Recommended NT Resources, Part 2: General and Reference

Recommended NT Resources, Part 2: General and Reference October 15, 2014

george-cattermole-the-scribe (Cross-posted at Times&Seasons) Many of these can be purchased in paper, kindle, or from Logos or Accordance. (I’m a big Logos user.) As with all my recommendations, take them with a grain of salt. I neither fully endorse nor vouch for everything said in these, but you will certainly learn and grow by reading them.

Samples are often available from Amazon or Google books, and in some cases I’ve linked to others here or in the past.

If you missed it, part 1 is here.


Cultural Context

The world of the NT is extremely different from our own. It’s not just the words that we need translated, because we will inevitably weigh and understand them from within our own experiences and cultural perspective.


The Bible of the NT?

For many of the first Christians, “the Bible” meant not the Hebrew texts, but the Greek translation(s) of it, called the Septuagint or LXX. Indeed, many of the NT citations of the OT (heavily obscured in our LDS KJV, another reason to pick up a second translation) match the Greek LXX, not the Hebrew. Sometimes the changes are significant.


Texts and Contexts 

If you want to be a NT scholar, there is a crap ton of background literature you must become familiar with, both Jewish and Greco-Roman. Sometimes scholars become expert in just one area of this background, spending their entire lives studying it. An overview of all of these can be found in Craig Evans’ Ancient Texts for New Testament Studies: A Guide to the Background Literature. One book includes relevant selections from all of these in a verse-by-verse quasi-commentary, called Jesus in Context: Background Readings for Gospel Study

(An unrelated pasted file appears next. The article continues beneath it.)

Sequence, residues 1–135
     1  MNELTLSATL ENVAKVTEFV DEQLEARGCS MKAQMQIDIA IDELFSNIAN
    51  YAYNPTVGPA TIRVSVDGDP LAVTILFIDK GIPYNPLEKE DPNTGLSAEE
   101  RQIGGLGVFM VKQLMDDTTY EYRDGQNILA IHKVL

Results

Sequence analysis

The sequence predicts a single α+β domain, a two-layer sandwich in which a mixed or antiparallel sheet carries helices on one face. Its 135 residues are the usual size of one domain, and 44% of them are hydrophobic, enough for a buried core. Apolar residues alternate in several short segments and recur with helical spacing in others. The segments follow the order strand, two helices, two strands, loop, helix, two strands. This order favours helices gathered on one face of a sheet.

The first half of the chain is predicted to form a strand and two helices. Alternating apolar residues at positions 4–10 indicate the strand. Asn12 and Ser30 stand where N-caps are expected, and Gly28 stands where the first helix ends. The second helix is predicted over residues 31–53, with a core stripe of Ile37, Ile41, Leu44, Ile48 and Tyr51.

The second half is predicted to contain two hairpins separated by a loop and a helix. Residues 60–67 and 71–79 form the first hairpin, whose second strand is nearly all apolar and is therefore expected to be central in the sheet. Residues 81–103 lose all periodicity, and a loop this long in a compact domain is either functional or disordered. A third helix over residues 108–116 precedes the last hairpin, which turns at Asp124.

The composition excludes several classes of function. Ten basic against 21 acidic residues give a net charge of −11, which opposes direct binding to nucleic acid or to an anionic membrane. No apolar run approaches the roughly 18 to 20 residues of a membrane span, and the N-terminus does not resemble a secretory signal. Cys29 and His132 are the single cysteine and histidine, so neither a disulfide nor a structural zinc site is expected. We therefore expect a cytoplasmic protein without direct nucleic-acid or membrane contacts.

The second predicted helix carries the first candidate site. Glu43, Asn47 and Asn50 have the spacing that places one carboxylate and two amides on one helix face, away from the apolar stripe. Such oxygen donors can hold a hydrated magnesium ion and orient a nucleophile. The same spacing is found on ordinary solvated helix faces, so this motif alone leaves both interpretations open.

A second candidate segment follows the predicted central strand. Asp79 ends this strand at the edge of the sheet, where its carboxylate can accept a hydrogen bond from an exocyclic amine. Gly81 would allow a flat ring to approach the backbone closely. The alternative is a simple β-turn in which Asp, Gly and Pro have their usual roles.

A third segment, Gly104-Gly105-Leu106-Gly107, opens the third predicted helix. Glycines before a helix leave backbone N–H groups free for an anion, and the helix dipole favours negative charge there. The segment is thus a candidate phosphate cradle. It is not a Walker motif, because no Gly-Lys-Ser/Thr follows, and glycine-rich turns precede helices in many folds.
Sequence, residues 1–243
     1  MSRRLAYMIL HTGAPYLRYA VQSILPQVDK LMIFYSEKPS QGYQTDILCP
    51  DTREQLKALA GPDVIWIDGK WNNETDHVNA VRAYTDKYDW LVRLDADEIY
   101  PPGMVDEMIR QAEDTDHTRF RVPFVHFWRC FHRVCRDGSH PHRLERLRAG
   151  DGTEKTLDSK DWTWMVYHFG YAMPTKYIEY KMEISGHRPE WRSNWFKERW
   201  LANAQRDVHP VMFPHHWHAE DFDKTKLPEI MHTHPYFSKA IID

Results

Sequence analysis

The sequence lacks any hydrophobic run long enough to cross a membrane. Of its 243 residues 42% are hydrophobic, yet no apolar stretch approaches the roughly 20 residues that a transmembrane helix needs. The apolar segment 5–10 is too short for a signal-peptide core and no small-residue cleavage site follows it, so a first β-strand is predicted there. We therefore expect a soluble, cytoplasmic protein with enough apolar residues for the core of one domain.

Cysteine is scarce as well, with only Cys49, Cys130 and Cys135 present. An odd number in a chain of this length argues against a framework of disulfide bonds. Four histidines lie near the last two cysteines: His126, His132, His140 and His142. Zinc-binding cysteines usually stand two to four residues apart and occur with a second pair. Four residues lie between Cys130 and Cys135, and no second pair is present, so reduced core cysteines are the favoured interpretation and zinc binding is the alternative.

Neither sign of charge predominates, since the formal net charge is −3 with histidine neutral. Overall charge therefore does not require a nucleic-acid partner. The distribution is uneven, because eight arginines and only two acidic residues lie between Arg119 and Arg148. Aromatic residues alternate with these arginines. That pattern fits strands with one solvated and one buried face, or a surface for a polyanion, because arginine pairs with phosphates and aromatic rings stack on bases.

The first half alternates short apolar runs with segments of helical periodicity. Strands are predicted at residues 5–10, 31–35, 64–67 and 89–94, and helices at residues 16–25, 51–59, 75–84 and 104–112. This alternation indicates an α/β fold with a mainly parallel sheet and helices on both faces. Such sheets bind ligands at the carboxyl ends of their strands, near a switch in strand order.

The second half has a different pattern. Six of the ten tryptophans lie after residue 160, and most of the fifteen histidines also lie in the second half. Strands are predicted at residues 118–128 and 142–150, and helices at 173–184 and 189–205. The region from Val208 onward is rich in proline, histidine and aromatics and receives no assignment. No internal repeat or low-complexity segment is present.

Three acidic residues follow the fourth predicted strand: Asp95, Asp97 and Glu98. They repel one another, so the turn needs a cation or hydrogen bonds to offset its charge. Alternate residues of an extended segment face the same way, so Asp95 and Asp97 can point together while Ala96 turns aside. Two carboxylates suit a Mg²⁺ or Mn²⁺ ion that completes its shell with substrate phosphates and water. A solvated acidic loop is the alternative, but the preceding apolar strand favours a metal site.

Below is a selection of three major sources, skip if not interested.

  • Josephus was a Jewish general and historian contemporary with the latter half of the NT. He is also a major contemporary source, writing in Greek about Judaism, history, and the OT. Josephus has long been known and translated into English. We all know that Joseph Smith and companions sang A Poor Wayfaring Man of Grief while in Carthage jail, but did you know they also read aloud from Josephus?  (Watch Lincoln Blumell’s presentation on Joseph and Josephus here.)
    • Steve Mason, Josephus and the New Testament
      • Mason is a Josephus scholar, and this is meant for laypeople with an interest, and includes maps.
    • If you’d like to read Josephus, the older archaic translation by William Whiston (1667 – 1752) is in public domain for easy googling. Otherwise, Josephus: The Essential Works is probably your best option.


These work best in electronic form (Logos or Accordance), because you can do a search on a verse reference and find everything that cites it. Or click on a word and have it open up in the dictionaries that have a reference on it.

Part 3 is coming, and there will likely be a short part 4 as well.

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